Feedback for Continuous Improvement of Instruction

In The Power of Feedback (1992), John Hattie concluded that the most powerful single modification that enhances learning and achievement is feedback – but Hattie also cautioned that feedback must be of the right type, timed correctly and properly framed, to be effective. Let’s look at the Marzano Teacher Evaluation Model and see how the model is designed for administrators to provide teachers with specific, valuable feedback at many different points.

With each formal observation, during Domain 2 Planning and Preparing, teacher and administrator talk about the instruction to be provided in the observed lesson. That discussion might include:

• How the lesson scaffolds within the unit and the lesson
• How the teacher will use technology and traditional resources
• What the teacher will do for English language learners, special education students, and students who lack support for schooling

Summative feedback is provided to teachers in Domain 3, Reflecting on Teaching. After the lesson is completed, in Domain 3, teacher and administrator discuss how the planned lesson went and how instruction might be improved. Together, teacher and administrator develop a professional growth plan to give the teacher a specific area of focus and the structure to increase his or her expertise.

Feedback through Learning Goals
Secondly, learning goals provide teachers with feedback at the unit level. Teachers base their unit planning on the state standard or a cluster of related standards, and plan learning goals for each of the big ideas of each unit. As they track student progress for each learning goal, teachers can discuss how students are doing with teacher mentors and observers. As teachers track through the learning goals, they can ask themselves:

• Are students understanding the information, and are they able to progress through Lesson Segment 2, Addressing Content, and each of the three design questions?
• Are students able to use the critical thinking skills that accompany each of the design questions?
• Are the chunks of content the right size? (If too large, students will get lost. If too small, students will be bored).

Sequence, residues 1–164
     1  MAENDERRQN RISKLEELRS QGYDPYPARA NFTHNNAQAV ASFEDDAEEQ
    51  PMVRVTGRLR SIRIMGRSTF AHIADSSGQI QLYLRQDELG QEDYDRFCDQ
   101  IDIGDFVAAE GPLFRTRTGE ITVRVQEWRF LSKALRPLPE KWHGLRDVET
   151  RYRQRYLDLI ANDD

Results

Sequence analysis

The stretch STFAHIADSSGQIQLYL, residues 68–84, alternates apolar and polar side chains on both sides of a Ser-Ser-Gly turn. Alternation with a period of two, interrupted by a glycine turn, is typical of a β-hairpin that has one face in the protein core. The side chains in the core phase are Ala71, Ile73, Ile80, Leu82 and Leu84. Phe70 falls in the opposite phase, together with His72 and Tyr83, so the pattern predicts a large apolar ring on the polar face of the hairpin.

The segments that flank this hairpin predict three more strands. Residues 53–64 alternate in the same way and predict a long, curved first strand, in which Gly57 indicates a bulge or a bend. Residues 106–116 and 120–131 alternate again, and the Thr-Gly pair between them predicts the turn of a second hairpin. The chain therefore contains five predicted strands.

By tracking student progress with each learning goal, teacher and student both receive unit-level feedback to help them improve.

Monitoring for Feedback
The third mechanism in the Marzano Teacher Evaluation Model for feedback is the monitoring addressed in the scale for each strategy. At the developing level for each strategy, the teacher monitors less than a majority of the students for the desired effect. At the applying level, a majority of students, and at the innovative level,allstudents are monitored and reach the desired effect. Through their monitoring, teachers receive feedback on how the strategy is working. They can make the necessary adjustments to get all students to the desired effect.

Feedback through Deliberate Practice
Finally, by using Deliberate Practice, teachers collaborate with administrators to select specific strategies to practice intensively. The administrator observes teachers using selected strategies and provides specific, actionable feedback for improvement.

The Marzano Teacher Evaluation Model has embedded mechanisms for feedback – in fact, feedback and improvement are one of the model’s primary purposes. We’re Building Expertise! The model provides a common language of instruction so that teacher and administrator can be on the same page, working collaboratively toward the mutual goal of steady instructional improvement. The scale for each strategy allows for transparency and mutual understanding the teacher’s current level of expertise, and what he or she needs to do to improve and move up the scale!

Will you be joining us for the Marzano Conference 2013 in Orlando this summer? Register now for priority sessions.

Leave a Reply